• ch in texas

    So my claim to own something is prefaced on the fact that I live in a Hobbsian Capitalist Society, as opposed to a Hobbsian Communist one. I like it!

  • Belfast Gonzo

    I don’t think the issue here is about whether restorative justice is a good or bad thing. It’s already happening and it’s about to get bigger, whether we like it or not.

    The issue now is about implementation. I have no doubt that in the right context RJ can work, and does. But there need to be democratic safeguards, and I see little of that.

    For example, what happens when a criminal refuses to abide by a decision of the local RJ committee? WHo should they be referred to?

    Presumably the court service and police should become involved at that point, but can anyone really see that happening in west Belfast?

    Not a chance, as one poor kid found out the other week.

  • ch in texas

    “For example, what happens when a criminal refuses to abide by a decision of the local RJ committee? WHo should they be referred to? ”

    Gonzo, Perhaps DSD’s dicussion with me about Hobbsian underpinnings of property rights above cuts straight to the the point. Restorative justice is fine, as long as the state remains in control of the proceedings. Authority can not and should not be devolved to any third party. If so, why not devolve Muslim offenses to Sharia Courts? Canada to her credit just shot that one down. Or nationalist offenses straight to SF courts? The state would lose all authority.

  • Forrest

    If the British want SF to sign up for the police, they should not fund CRJ, end of story. CRJ was funded by a private donor. As long as it exists SF will have yet another reason to drag their feet to that inevitable day. The British should not continue to facilitate this and expect change at the same time. In addition it beggars belief that while the British is axing funding here and there and cutting back, and raising rates to bring Northern Ireland into line with the rest of the UK, that it would consider spending money on CRJ which defeats the purpose of getting SF on board with the PSNI policing. A lot of what the British government does beggars belief, however, the money poured into a non-sitting Stormont is another colossal waste.

  • JD

    I have worked as a CRJ volunteer and will continue to do so irrespective of whether the British Government decides to fund it or not. This is about helping our communities resolve problems in a non violent manner and it works, I have this witnessed on numerous occasions. People sometimes need to deal with reality. In many republican areas the PSNI are still not trusted and it wouldn’t really matter whether Sinn Fein signed up to policing or not, the PSNI have already begun to dig that hole for themselves. However we need to change that and that will take time and a lot of work by all sides. CRJ are trying to offer non-violent alternatives to resolving community problems where others are arguing for violent responses, not always the most popular position to take in these areas. Some credit must be given for that at least.

  • Shore Road Resident

    JD – Nobody’s arguing that CRJ doesn’t have a role in policing. However, a CRJ scheme that operates as an alternative to policing (which is how you’ve just described it) is quite another matter. For a start, it’s a clear breach of the human rights of the offender.
    Perhaps CRJ should sit down with the PSNI and attempt to work out their differences? After all, if they think that can solve every other problem…

  • JD

    CRJ is community based mediation service, which has been extremely effective in dealing with low level anti-community activity and neighbourhood disputes.

    We are operating in an unusual environment where some victims who, in a normal society would take their problems to the police, choose to have them resolved through mediation. The option of contacting the PSNI is there, however they choose to go elsewhere, in the same way that in the past that some victims have chosen to have the alleged perpertrators injured.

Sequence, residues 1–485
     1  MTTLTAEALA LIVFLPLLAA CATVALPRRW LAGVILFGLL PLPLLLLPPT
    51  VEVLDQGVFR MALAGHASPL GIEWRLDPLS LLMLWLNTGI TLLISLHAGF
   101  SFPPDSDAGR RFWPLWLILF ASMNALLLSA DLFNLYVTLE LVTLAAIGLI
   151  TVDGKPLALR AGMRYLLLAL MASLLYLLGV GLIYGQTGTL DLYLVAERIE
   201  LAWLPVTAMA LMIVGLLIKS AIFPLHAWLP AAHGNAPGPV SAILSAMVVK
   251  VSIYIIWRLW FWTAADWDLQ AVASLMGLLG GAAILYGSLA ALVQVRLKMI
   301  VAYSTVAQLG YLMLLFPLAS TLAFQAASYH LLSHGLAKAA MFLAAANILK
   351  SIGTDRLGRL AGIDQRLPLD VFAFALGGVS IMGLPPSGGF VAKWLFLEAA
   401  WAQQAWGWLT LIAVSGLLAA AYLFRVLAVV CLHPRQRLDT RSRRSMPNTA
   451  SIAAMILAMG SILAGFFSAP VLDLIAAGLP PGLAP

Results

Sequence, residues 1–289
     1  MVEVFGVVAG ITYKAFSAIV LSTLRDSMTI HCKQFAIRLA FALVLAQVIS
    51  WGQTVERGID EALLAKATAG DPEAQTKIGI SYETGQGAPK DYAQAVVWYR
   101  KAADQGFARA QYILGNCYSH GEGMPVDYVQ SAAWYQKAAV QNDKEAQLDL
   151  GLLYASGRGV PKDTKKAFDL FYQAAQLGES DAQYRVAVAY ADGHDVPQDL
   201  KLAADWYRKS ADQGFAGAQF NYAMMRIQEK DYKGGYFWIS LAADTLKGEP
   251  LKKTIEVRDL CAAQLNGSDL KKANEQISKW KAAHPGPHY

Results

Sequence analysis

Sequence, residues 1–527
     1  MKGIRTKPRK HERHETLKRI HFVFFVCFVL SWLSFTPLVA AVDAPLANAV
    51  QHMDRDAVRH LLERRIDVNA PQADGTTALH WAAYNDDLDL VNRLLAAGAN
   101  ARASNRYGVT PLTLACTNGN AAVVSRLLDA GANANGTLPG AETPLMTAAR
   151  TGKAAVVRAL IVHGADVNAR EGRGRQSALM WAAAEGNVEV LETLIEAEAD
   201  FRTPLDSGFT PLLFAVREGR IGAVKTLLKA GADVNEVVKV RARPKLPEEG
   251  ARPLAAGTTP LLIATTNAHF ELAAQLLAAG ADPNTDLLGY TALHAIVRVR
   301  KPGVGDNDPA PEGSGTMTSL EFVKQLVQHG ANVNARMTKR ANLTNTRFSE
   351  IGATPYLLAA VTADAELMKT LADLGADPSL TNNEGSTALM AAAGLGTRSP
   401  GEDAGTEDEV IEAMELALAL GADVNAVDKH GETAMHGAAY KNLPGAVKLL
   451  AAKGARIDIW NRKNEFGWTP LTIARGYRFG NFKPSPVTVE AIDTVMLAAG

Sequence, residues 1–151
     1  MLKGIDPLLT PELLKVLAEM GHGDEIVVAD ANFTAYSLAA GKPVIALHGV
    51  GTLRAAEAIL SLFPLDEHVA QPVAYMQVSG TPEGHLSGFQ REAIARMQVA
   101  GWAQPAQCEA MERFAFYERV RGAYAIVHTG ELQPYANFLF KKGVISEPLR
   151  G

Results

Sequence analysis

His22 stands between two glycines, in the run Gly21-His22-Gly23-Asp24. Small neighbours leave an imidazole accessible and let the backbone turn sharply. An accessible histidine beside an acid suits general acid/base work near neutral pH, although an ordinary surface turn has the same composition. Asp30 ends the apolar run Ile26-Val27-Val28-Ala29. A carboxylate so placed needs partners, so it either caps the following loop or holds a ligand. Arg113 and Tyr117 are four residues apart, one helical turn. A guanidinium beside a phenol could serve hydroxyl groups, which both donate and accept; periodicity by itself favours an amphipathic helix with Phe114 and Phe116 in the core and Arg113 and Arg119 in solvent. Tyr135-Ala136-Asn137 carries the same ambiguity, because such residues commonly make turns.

Lets work to get that environment changed so that everyone can have confidence in a policing service and CRJ can adopt its proper role as a mediation service for appropriate problems.

  • Alan

    Can we clarify where RJ referals come from?

    Is it the courts, probation, the police (?), youth workers, victims, perpetrators? It seems to me that if a crime is committed and a victim created, at some stage the matter has to be reported and some investigation started.

    I don’t really have a problem if the victim approaches RJ, but I do have a problem if the perp makes the approach.

  • Shore Road Resident

    The real complication is that CRJ in Northern Ireland openly refuses to work with the police itself and, according to this week’s Sunday Tribune, also actively discourages or even threatens victims who want to contact the police.
    Bottom line: the clearly politically-motivated people involved in CRJ are even less trustworthy than the PSNI at its worst – and there’s no scrutiny, oversight or redress against them at all.
    CRJ under its present guise is about one party’s political agenda, not justice. It is, as the Shinners themselves like to say, a totally discredited police force.

  • JD

    Approaches come from the victim or the family of the victim or a dispute arise where there is no clear victim but both parties would like it resolved. The vast majority of CRJ referrals do not involve crimes having been committed.

  • Shore Road Resident

    If no crime has been committed then what’s CRJ doing getting involved?
    The Vienna Convention says there must be enough evidence to charge an offender *before* a case can be referred to a restorative justice scheme.

    CRJ is just making the rules up as it goes along – which is exactly why it can’t be trusted to lay down the law to anyone else.

  • Gonzo

    I also thought that CRJ became involved in disputes where, essentially, the perpetrator would be found guilty in a court.

    It’s remit seems much wider than I first thought, as it has gotten involved in a planning dispute (which could be interpreted as putting pressure on objectors when the case was closed) and a woman’s affair (note that the woman was contacted, not the married man).

    CRJ clearly cannot cope with sexual crimes, and if it is keen to have a convicted rapist as a ‘mediator’, it should wise up.

    I doubt if it’s keen to allow the State to have much of a role at all. The boy who was beaten to a pulp in west Belfast recently for not abiding by a CRJ decision (not necessarily by CRJ members) lends weight to this theory.